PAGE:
Town Seeks Public Input on POCD via Online Survey

Town officials are asking for the public’s input in a community-wide survey as they prepare to update the major guiding document for land use decisions in New Canaan. By state law, the Plan of Conservation and Development must be updated every 10 years. In New Canaan, the POCD underwent its most recent major update in 2014. The document informs P&Z “of how we should alter or stay the course” in the appointed body’s decision-making, said Town Planner Sarah Carey. 

She continued: “This is your chance as a member of the public to give us your opinion of: What are we doing well as a town? What do we need to improve on?

Downtown Development, St. Luke’s Campus Highlight Final Public Hearing on POCD

Though he lives just 400 feet from the heart of downtown New Canaan, Mark Noonan of St. John’s Place said he rarely walks into the heart of our village. Based on his own experience, Noonan said during a Planning and Zoning Commission meeting Tuesday night that it’s a mistake to think erecting multi-level residential buildings in areas such as nearby Grove Street—for older town residents seeking smaller housing in town, say—would lead to those same people walking into town. While Noonan praised the focus of a proposed Plan of Conservation and Development or “POCD” on areas such as downtown parking and preserving our village’s character, he added, “The height is such a sensitive issue.”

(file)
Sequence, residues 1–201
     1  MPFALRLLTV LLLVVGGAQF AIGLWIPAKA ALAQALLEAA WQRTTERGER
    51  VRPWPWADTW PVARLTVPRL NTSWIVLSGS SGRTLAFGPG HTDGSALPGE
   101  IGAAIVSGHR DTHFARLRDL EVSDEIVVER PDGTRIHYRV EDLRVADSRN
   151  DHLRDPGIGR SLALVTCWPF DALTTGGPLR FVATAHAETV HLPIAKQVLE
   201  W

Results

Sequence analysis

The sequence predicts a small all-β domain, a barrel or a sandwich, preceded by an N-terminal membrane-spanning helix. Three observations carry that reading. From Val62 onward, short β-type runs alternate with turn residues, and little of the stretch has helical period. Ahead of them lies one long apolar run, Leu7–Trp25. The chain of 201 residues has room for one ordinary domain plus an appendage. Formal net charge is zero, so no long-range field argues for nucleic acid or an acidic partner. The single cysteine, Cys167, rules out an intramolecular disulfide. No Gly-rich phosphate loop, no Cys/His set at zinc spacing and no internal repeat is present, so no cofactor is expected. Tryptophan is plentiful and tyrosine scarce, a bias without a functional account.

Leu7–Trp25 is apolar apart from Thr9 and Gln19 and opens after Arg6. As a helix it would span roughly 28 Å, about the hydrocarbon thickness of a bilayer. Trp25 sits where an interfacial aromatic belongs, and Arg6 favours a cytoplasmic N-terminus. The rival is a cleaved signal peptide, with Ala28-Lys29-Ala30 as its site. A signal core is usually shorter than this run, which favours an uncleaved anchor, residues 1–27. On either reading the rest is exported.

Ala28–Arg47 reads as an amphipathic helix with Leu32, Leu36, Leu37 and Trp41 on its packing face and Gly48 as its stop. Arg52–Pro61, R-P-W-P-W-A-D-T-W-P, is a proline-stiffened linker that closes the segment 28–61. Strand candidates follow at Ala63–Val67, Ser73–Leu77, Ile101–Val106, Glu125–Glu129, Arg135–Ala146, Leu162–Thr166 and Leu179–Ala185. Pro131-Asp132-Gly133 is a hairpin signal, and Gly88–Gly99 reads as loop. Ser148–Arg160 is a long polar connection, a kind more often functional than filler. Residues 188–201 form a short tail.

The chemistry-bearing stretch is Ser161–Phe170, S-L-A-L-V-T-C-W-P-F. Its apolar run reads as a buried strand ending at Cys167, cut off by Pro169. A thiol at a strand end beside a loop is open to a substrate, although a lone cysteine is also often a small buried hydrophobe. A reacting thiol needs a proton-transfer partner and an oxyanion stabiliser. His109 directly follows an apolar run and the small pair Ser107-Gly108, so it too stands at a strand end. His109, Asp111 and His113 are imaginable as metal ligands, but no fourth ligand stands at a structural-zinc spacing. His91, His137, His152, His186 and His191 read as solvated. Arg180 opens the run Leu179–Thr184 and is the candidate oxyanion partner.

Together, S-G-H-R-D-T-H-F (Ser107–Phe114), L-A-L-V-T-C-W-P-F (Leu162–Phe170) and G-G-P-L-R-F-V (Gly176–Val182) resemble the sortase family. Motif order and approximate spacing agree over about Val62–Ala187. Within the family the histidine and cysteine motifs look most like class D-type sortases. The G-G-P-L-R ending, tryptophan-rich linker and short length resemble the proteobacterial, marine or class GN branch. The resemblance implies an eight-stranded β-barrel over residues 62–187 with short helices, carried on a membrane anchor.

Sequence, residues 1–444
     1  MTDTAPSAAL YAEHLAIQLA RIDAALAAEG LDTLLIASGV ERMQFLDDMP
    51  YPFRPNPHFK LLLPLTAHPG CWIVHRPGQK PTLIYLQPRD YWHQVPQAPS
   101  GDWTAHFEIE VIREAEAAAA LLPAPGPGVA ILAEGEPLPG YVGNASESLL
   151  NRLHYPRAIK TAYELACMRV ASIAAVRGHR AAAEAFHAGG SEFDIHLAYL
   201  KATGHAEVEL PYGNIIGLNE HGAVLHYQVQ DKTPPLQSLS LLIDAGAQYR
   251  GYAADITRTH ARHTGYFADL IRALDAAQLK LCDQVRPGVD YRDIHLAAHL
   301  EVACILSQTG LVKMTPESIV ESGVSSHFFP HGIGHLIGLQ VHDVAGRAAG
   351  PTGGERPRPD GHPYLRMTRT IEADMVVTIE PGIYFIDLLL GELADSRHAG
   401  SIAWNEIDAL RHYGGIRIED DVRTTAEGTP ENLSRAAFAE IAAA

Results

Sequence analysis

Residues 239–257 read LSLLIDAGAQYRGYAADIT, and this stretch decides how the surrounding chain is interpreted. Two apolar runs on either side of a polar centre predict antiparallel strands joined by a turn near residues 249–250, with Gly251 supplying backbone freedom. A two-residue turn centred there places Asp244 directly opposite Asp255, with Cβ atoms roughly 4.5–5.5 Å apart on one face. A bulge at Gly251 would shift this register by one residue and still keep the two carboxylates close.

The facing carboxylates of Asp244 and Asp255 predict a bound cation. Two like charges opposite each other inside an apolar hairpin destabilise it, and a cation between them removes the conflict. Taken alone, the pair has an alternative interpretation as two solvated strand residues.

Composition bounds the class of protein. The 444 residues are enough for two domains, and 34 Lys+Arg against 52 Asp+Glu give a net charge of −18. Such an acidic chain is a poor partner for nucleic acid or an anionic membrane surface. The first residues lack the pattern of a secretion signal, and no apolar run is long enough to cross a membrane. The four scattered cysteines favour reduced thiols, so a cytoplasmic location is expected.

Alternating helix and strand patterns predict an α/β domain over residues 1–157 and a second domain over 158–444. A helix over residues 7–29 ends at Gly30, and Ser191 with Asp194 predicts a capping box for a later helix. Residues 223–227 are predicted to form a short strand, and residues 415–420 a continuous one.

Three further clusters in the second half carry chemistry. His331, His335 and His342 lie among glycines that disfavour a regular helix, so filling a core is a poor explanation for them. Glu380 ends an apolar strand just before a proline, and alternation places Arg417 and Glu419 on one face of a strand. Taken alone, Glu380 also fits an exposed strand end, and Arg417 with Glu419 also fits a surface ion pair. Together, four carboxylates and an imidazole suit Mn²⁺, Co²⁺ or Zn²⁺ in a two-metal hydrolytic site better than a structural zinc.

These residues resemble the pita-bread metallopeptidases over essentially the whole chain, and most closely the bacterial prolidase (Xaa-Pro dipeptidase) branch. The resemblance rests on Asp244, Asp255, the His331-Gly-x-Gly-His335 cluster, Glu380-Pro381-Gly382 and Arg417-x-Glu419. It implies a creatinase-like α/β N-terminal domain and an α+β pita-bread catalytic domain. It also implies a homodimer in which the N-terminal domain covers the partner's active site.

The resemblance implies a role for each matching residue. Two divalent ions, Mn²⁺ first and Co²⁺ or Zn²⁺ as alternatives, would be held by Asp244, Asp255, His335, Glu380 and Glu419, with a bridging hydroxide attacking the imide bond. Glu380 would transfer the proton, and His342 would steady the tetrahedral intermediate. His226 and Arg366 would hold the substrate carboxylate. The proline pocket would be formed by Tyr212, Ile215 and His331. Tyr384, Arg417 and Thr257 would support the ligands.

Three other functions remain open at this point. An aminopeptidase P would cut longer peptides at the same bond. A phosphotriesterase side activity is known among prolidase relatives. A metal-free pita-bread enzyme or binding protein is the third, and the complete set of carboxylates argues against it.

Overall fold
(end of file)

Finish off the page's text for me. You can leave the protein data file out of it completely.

“Opening the door at all to height changes I think is really harmful to the town because it encourages greater density, greater packing and there’s always losers and winners when height restrictions change,” Noonan said during a final public hearing on the POCD, held in the Sturgess Room of the New Canaan Nature Center’s Visitors Center. “And certainly it can dramatically change the town character.”

The updated POCD—an advisory, state-mandated planning document designed to guide generally the future of development in the community (as opposed to a set of regulations that determine what must or must not happen)—has been in development since last year.

Letter: Seeking Clarification in Plan of Conservation and Development

Dear Editor:

One important zoning change in the 2014 “Plan of [Conservation and] Development” is still not clarified by P&Z in its language & use: “Planned Development Districts” or “institutional use of land in residential areas” such as: YMCA, St. Lukes, Silver Hill, Jelliff Mill, etc.  This is about to be approved in the Plan of Development for the obvious reason that it’s meant to be applied in the future – but the ramifications are not clear.  If it was never intended to be used – why put it in? What needs greater clarification is the legal affect on neighbors and interested parties versus advantages for the Town. Does it reduce the bargaining power of neighbors by insulating P&Z from future court actions? Once a district is designated under the new zone, P&Z can freeze the district (YMCA, Jelliff Mill, etc.) in place.  However, at their discretion P&Z can then either keep it frozen or opt to expand it. Apparently, P&Z is then insulated from legal action in the courts which appears to limit neighbor’s options.  This would also mean that even if public meetings for input are held before the expansion – the new zone will not compel the P&Z to take any particular action on behalf of the neighbors.